Beijing has always been hailed as a historical hotspot with attractions such as the Temple of Heaven, Forbidden City, Summer Palace, the Great Wall, and more getting hordes of both domestic and international tourists flocking in to tick it off their must-see places.
For anyone interested in history and culture, these three lesser-known gems are worth checking out:
Dazhalan 大栅栏, literally the “Great Fence,” has always been known as a busy market street. It’s 270 meters long and features 37 product and service stores. Dazhalan boasts specialty shops that have existed for hundreds of years, including Tongrentang Traditional Medicine Shop, which was opened in 1669; the old Juyuan Hat Shop, now called the Dongsheng Hat Shop, opened in 1811, and the famous Ruifuxiang Satin, Silk and Fur Shop, which opened in 1893.
During the Ming (1368–1644) and Qing (1644-1912) dynasties, night curfews were imposed and most streets and alleys had barriers (zhalan) built at both ends. According to historical records, there were 1,200 of these structures built and one of them was the Dazhalan. The original structures were destroyed in 1900 and rebuilt as what stands today.
Address: 44 Langfang Ertiao, Xicheng District, Beijing
Qianmen 前门, literally the “Front Gate,” is located in the central axis of Beijing and is 870 meters long. It was called Zhengyangmen Street during the Ming (1368–1644) and Qing (1644-1912) dynasties, and finally named Qianmen Street in 1965. In the Qing dynasty era, the area was a market that specialized in meat, cloth, and jewelry.
The street had a facelift in 2007 and was reopened on August 7, 2008, a day before the Beijing Olympics.Qianmen has local and international clothing brands, eateries, and souvenir shops. In 2014, the area got the internationally renowned Madame Tussauds Beijing, which features wax figurines of local and international celebrities, sport personalities, actors, and more.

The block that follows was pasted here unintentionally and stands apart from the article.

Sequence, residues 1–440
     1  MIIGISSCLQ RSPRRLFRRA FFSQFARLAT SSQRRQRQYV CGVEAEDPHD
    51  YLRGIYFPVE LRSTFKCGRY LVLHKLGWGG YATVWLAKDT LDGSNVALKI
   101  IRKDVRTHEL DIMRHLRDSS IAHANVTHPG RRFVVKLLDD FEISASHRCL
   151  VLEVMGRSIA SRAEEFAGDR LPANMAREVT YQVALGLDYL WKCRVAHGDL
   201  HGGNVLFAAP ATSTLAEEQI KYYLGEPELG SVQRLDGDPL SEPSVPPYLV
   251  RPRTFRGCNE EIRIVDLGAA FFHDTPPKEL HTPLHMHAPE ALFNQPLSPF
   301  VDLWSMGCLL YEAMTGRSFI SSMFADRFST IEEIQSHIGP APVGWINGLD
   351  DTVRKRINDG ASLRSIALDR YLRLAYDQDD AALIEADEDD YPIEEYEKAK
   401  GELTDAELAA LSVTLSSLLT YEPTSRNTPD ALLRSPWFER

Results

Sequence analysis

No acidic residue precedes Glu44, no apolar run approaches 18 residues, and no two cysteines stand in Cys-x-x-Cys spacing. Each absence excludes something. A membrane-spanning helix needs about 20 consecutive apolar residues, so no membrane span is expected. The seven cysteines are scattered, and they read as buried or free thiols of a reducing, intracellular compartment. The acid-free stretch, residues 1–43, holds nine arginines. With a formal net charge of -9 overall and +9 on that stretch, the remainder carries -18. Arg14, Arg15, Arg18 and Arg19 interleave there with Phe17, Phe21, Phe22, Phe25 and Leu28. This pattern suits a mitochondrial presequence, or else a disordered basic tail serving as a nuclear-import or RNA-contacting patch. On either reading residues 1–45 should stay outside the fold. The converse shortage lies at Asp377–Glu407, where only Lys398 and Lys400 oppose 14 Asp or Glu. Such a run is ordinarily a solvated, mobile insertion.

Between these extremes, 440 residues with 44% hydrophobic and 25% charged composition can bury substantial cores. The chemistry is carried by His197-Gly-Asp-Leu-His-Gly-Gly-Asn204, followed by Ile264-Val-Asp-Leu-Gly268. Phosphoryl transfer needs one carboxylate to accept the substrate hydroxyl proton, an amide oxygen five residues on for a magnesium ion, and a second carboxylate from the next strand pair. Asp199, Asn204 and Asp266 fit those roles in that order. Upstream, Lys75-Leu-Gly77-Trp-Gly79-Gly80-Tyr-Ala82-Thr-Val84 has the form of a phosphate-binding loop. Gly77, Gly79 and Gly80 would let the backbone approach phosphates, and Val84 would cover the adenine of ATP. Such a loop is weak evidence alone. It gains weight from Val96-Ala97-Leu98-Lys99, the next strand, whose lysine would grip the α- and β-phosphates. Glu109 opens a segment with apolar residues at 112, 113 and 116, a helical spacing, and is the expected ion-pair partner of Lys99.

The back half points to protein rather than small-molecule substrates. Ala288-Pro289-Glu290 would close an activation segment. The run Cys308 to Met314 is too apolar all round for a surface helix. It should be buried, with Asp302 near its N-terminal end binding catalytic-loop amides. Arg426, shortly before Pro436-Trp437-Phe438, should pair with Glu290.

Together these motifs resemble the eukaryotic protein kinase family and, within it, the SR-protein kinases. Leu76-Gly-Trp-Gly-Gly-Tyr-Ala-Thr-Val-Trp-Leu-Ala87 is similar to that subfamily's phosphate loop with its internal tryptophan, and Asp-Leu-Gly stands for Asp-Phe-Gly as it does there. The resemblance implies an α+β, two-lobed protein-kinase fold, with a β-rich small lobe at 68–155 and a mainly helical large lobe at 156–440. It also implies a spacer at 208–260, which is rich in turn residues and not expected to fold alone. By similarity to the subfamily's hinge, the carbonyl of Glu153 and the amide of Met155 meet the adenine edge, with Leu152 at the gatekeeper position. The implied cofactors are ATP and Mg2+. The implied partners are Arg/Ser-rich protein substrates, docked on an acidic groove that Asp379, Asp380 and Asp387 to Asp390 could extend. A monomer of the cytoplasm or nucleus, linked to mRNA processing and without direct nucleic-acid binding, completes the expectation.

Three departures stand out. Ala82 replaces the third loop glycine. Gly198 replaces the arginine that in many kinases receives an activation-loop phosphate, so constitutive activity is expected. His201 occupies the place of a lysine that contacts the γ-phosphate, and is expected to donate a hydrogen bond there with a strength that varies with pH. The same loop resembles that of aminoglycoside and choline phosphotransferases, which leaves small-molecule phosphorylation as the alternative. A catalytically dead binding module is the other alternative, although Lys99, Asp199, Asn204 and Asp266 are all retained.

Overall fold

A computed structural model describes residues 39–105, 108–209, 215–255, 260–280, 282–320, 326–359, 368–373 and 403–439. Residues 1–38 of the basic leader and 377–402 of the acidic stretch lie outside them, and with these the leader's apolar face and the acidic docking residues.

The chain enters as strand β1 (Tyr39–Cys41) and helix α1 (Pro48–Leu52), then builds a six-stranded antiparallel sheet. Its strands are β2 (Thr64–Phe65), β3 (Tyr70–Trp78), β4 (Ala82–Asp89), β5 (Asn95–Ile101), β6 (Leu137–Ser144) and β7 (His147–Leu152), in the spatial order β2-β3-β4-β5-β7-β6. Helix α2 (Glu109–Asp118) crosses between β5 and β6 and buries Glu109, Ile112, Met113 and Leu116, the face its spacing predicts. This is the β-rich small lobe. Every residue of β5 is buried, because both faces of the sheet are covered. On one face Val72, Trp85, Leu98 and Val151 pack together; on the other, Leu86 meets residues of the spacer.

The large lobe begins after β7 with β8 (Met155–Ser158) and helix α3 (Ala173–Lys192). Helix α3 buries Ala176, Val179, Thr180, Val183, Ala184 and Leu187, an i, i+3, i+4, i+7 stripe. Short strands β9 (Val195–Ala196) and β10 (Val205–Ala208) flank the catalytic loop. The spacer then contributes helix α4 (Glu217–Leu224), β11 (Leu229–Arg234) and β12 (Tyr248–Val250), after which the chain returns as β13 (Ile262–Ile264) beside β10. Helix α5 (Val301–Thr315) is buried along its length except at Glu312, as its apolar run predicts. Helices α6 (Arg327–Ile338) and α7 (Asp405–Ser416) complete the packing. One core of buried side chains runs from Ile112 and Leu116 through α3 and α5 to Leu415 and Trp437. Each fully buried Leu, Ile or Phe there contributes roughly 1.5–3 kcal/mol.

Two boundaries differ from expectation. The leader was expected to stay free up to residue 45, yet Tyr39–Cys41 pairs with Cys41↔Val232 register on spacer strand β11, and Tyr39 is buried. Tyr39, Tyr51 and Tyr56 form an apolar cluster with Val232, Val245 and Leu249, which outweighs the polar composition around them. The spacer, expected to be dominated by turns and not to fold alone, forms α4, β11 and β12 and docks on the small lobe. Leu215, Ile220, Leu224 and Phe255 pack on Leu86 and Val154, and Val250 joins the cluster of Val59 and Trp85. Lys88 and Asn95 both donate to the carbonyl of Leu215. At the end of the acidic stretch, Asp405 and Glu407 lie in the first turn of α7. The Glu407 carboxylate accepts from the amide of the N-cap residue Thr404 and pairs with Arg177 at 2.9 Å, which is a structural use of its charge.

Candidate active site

Address: 16 Qianmen Street, Dongcheng District, Beijing
Niujie, 牛街, literally translates to “Ox Street” and is home to the Hui people and Beijing’s largest concentration of Muslim people. The street’s main attraction is the Niujie Mosque, which was built in 996 during the Song Dynasty (960-1279), then rebuilt in 1442 after Genghis Khan’s armies destroyed it in 1215, and expanded in 1696 under the Qing (1644-1912) dynasty. It has an observation tower, prayer hall, and minaret (call to prayer tower) with a pavilion on each side. Visiting the mosque has to be arranged in advance especially during the months of Ramadan when people go more frequently to pray. Visitors must dress conservatively: long trousers or skirts, and shirts with sleeves are required.
By the time of the Qing dynasty, the neighboring markets were well known for halal beef and mutton. To this day the area has cafés, shops, restaurants, and schools catering to the Muslim population.
Address: 18 Niujie, Xuanwu District